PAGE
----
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celebrated statesmen (Sir R. Peel, in a speech in Parliament), are proud that “the Danes tried in vain to overthrow the institutions of England, instead of securing them ;” and then reproach the Danes that, on the whole, they did not, after all their devastating expeditions, establish anything new, great, and durable.

The population of the heathen North, as was the case everywhere else at that period, was divided into serfs and freemen. Even after the introduction of Christianity, many centuries elapsed in all countries before thraldom was abolished, and the worth of man, as man, generally recognised. The serf was always regarded more as an animal than as a human being. The freeman, on the contrary, enjoyed a high degree of civil liberty. He was not only uncontrolled master in his own house, and among his nearest dependents, but likewise exercised an important influence on the management of the public concerns of his own district and of his country. He took part in the decision of law cases in the “ Thing," and gave his vote at the great “ Thing," where the election of a monarch, war, treaties of peace, and other important matters, came under consideration. Scandinavia was, besides, in ancient times, divided into a number of small kingdoms; and the smaller these were, so much the greater was the individual freeman's power and importance.

The old inhabitants of the North entertained, therefore, a sincere affection for those institutions which gratified their proud feeling of freedom. Personal participation in the administration of justice, at a time when written laws did not exist, must have made every freeman a lawyer and a zealous defender of existing institutions, especially so far as regarded the main point, namely, the freedom they ensured. A general knowledge of the laws was still further promoted by the innate love of the Northmen for disputes and law-suits. Respect for the law was speedily carried to such an extent, and in the administration of justice at the Things old established customs and usages were so strictly observed, that the slightest formal flaw was sufficient to ensure the rejection even of the most important cause. How deeply rooted the old national law was, is best shown by the fact that the Roman law, which had been adopted in the greater part of Europe, could never gain the supremacy in the countries of Scandinavia. The present Scandinavian law is by no means the offspring of any foreign code, but is founded on, and independently developed from, the law which already existed in the North in the days of heathenism.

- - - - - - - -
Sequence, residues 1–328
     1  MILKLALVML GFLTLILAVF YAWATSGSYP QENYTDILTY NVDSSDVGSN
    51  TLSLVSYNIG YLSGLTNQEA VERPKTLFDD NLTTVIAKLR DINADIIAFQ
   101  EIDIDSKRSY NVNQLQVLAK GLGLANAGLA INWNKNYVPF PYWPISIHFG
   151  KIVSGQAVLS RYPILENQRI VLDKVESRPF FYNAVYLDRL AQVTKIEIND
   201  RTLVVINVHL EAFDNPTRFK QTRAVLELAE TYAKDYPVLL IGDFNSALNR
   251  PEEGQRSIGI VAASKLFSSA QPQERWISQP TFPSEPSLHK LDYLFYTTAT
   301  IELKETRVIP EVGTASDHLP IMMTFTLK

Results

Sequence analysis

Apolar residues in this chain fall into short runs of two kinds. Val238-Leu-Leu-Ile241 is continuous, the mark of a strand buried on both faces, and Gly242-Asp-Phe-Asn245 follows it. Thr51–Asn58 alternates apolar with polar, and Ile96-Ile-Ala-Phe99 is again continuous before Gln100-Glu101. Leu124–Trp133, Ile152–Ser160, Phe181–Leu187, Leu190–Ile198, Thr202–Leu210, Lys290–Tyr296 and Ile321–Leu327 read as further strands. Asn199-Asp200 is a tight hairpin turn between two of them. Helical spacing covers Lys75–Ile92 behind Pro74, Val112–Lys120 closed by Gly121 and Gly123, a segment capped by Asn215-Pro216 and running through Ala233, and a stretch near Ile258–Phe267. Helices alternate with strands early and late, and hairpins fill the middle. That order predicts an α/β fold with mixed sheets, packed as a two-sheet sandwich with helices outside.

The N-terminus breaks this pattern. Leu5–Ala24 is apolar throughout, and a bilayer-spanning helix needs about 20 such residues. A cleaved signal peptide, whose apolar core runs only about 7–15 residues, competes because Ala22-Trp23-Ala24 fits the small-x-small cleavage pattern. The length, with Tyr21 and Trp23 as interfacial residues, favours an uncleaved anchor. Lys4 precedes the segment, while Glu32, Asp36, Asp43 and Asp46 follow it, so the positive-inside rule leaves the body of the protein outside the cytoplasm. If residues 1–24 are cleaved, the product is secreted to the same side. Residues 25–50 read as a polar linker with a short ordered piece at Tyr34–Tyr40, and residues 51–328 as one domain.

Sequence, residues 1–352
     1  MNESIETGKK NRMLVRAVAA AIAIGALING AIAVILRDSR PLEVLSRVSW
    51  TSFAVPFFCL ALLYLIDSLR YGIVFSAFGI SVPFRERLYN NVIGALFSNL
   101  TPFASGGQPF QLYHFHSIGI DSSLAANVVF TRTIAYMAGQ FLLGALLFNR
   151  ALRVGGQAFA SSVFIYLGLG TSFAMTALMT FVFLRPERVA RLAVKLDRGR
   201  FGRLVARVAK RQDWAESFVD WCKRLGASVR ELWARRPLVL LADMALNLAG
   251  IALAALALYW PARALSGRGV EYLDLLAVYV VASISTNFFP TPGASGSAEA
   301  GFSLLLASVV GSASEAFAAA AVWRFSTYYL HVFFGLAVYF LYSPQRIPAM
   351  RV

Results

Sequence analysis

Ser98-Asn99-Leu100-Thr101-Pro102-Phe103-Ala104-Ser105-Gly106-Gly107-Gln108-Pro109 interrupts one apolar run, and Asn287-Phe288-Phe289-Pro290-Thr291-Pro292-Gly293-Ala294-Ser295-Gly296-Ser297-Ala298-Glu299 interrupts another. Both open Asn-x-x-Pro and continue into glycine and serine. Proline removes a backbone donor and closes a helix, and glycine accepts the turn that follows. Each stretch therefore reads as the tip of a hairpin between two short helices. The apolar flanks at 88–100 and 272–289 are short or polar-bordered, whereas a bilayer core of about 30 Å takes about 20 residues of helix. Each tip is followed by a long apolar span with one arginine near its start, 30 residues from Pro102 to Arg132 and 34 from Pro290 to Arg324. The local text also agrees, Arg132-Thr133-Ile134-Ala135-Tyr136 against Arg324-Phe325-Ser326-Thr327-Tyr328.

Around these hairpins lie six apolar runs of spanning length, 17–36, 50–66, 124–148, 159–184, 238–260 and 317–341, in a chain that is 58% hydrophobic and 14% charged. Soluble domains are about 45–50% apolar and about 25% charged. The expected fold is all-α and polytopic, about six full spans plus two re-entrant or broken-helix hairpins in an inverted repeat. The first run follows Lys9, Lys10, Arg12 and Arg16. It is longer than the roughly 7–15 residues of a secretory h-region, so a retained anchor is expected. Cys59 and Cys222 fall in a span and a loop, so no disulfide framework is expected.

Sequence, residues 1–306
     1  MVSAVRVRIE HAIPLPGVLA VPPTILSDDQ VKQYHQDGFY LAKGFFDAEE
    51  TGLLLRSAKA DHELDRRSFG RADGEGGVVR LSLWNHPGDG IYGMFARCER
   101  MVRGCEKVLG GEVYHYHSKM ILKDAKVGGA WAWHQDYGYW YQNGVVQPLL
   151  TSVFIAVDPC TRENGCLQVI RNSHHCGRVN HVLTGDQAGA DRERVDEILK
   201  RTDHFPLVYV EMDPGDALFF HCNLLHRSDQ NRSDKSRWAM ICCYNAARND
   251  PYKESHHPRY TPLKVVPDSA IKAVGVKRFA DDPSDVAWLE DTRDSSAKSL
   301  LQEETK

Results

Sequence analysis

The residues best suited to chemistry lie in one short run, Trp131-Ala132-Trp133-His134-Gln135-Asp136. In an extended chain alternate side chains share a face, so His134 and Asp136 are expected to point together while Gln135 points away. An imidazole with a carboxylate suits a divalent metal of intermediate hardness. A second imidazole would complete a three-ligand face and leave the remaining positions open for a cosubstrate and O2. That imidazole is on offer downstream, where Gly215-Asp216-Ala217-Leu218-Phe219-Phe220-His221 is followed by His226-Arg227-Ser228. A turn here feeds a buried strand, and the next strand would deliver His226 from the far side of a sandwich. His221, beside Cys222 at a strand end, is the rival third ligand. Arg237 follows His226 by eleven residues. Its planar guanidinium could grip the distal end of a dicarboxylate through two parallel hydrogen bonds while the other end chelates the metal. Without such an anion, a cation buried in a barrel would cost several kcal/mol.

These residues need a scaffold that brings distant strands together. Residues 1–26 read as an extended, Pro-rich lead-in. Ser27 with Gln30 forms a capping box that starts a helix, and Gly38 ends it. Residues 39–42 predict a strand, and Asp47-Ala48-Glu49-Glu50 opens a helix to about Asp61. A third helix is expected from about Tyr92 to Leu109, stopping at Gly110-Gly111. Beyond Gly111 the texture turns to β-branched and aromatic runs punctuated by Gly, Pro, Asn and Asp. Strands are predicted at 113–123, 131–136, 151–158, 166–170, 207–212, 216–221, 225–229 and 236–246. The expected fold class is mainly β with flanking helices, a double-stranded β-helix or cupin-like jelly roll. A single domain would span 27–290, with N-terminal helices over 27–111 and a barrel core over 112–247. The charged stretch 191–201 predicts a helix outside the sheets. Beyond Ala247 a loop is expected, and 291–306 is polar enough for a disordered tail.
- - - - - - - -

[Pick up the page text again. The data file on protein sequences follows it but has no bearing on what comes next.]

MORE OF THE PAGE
The powerful warriors, who in those remote times emigrated from the North, were, for the most part, men no less high-spirited and fond of freedom than their fathers before them. The old chronicles state, that among the warriors who came over to England with the conquerors Svend and Canute, there was not a single serf. The history of Iceland shows, even at an earlier period, that most of the colonists who went thither were descendants of kings, jarls, and other of the most powerful freemen of the North. These emigrants did not leave their paternal home because they were dissatisfied with their ancient hereditary rights and liberties, but because those rights and liberties were gradually threatened with restriction, and even annihilation, by ambitious and absolute monarchs. It was this that led them to undertake the conquest of foreign lands, and thus to acquire a freedom which might indemnify them for what they had been compelled to relinquish.

It is therefore no wonder that the Scandinavian colonists introduced their national laws, which had always proved the surest defence of their liberties, at once and completely both into countries previously uninhabited, and into those from which the ancient inhabitants were expelled by their invasions. This was the case, for instance, in Greenland, the Faroe Isles, the Shetland Isles, and the Orkneys. But with regard to freedom they even went still further than in Scandinavia, and sometimes abolished the regal power, whose caprices and dangers they had learned to appreciate and fear, and founded republics in its place. Even in countries like France and England, where a large and civilized population, possessing a complete system of national law, previously existedand where the Scandinavian colonists, till they became strong enough to assume the authority of masters, were for a long time inferior both in numbers and power—they adhered immovably to their ancient legal customs, and caused them to be observed, in spite of Christianity, and of that foreign civilization which they themselves soon adopted. But it was at the same time a natural result of this state of things, that they were neither able to introduce into “such countries all the ancient legal usages of Scandinavia, nor, generally speaking, any law of a comprehensive character, without adapting it to the peculiar situation which they, as conquerors and strangers, now occupied in regard to the natives and their existing institutions.